Problems with kids and television have existed since the invention of this media instrument. For example, parents are concerned
with the number of hours children spend in front of the television, as well as the amount of violence represented in different
programs. Most important, parents are speculating as to what educational value TV actually has.
People have always wondered about effects television could have on individuals. By the late 1980 s, an increasingly deregulated
broadcasting industry had achieved some powerful victories over education. Shows with a greater amount of controversial subject
matter started to air. Censorship was decreased a great deal. On average, children between the ages of six and twelve are
watching 20 to 28 hours of television a week, which almost equals the 35-40 hours kids spend in school. Some claim, however, that
TV has begun to dominate more than just time.
Television projects the characteristics of the cultural environment surrounding it. People like David Marc believe television "leaves
behind a body of dreams that is, to a large extent, the culture we live in," and he concludes that television, not education, is the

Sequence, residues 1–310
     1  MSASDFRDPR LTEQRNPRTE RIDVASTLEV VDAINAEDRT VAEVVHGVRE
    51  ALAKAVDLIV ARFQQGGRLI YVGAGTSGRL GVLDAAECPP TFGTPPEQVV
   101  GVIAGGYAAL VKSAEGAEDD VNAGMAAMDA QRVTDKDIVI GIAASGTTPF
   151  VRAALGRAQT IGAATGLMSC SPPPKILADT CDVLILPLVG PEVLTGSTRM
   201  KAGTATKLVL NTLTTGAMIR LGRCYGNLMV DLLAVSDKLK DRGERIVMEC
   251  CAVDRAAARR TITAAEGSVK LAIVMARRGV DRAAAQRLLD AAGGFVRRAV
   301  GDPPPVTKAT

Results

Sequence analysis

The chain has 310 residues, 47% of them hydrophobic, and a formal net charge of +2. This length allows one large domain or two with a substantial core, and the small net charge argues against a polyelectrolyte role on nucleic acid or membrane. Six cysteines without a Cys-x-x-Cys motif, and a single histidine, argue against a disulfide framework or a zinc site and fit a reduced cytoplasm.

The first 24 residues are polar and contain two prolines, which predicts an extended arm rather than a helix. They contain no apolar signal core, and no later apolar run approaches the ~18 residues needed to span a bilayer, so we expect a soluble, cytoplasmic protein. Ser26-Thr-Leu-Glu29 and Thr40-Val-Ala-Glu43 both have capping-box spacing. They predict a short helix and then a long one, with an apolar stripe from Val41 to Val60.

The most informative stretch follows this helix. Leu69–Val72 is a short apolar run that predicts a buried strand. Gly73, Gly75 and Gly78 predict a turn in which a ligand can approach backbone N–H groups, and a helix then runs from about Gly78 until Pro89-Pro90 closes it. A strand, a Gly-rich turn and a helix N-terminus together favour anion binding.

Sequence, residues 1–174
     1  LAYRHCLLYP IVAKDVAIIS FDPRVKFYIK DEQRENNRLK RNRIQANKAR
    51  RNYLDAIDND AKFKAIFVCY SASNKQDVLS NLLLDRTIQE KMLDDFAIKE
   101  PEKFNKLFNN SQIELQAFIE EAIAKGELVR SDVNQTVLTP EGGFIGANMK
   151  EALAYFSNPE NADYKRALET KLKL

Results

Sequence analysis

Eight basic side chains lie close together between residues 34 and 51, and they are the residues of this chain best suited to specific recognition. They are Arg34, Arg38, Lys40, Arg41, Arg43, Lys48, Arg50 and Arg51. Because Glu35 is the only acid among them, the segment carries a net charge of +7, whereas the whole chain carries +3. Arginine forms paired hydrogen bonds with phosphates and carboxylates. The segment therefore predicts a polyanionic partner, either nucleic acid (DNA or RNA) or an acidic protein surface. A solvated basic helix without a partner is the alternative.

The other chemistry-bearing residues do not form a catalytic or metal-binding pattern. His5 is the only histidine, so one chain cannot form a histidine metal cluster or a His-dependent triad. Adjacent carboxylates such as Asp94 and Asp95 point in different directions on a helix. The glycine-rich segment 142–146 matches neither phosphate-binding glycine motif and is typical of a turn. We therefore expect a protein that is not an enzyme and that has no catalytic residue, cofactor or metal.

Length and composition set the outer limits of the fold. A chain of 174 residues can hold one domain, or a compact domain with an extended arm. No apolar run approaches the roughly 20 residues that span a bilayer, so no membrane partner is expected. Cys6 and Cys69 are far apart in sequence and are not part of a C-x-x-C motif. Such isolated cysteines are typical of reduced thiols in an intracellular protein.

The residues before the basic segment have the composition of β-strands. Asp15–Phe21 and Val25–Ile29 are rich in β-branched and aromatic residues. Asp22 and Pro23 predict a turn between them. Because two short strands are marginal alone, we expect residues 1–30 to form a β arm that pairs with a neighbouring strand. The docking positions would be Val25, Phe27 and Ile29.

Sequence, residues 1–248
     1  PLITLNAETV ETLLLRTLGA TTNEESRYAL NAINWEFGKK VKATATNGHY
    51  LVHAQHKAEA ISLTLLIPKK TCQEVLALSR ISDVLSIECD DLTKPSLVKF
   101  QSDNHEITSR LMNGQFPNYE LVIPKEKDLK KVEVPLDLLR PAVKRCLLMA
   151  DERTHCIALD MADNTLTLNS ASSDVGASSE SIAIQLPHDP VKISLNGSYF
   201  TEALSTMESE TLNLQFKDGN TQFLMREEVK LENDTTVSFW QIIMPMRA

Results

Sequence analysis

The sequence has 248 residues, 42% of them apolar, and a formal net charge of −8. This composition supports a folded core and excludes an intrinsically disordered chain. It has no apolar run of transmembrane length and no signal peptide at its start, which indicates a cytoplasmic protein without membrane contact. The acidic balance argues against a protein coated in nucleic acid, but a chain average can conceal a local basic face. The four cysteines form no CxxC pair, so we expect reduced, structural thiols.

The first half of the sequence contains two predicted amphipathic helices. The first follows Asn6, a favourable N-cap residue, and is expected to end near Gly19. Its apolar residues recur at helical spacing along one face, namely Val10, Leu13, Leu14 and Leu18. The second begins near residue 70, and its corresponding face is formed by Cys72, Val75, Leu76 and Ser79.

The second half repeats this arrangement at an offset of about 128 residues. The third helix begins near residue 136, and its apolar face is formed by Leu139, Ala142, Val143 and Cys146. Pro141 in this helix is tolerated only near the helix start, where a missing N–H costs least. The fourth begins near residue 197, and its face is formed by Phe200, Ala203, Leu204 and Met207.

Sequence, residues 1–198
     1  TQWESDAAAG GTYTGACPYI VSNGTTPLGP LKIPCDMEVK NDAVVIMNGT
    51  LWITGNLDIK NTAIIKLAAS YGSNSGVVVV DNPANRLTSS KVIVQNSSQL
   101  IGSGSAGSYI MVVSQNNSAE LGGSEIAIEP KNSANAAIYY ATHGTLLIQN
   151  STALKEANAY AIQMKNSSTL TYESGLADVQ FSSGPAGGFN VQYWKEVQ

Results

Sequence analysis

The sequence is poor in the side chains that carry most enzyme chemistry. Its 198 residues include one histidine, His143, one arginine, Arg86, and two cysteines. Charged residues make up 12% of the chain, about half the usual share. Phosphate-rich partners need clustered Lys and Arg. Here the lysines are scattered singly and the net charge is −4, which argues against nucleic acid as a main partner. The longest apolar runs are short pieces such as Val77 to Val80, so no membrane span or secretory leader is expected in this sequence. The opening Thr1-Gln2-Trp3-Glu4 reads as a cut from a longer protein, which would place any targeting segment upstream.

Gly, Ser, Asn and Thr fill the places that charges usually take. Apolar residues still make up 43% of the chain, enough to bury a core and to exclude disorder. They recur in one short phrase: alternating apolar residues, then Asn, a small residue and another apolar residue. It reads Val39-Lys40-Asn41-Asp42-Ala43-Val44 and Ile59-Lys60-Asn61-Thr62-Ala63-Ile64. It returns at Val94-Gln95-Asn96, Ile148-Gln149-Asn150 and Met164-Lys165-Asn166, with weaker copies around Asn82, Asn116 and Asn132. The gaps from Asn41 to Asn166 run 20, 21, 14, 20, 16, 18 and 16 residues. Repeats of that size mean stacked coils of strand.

"most effective purveyor of language, image, and narrative in American culture." (1)
However, others continue to stress the "ultimate effect" television has on education. It is recognized by Leon Botstein that "the
simplification and standardization of language" controls the extent of expression and thought. Because of this, "eloquence and even
originality, from the perspective of the classroom" have become insignificant. (3)
It is the opinion of the Center for Educational Priorities that by the 1990 s, televis...
... middle of paper ...
...r not, TV has become an important device in the
United States, as well as in the rest of the world. Children should not be kept away from this form of media. Instead, children
should be taught interesting, quality subject matter with television as an aid. Images in a child s mind can become so much more
vivid when he or she can compare them to images they behold on television. The argument that television lacks originality and
promotes stupidity suffers because television can offer insight and a sense of wonder through intelligent and imaginative
programming. Since there are people of this generation who do not enjoy Hamlet, it is safe to say that not every citizen living
during the late 1500 s to early 1600 s was an avid fan. If Shakespeare is said to be revered now, who is to say whether Seinfeld
will be revered at the level of Shakespeare in years to come?
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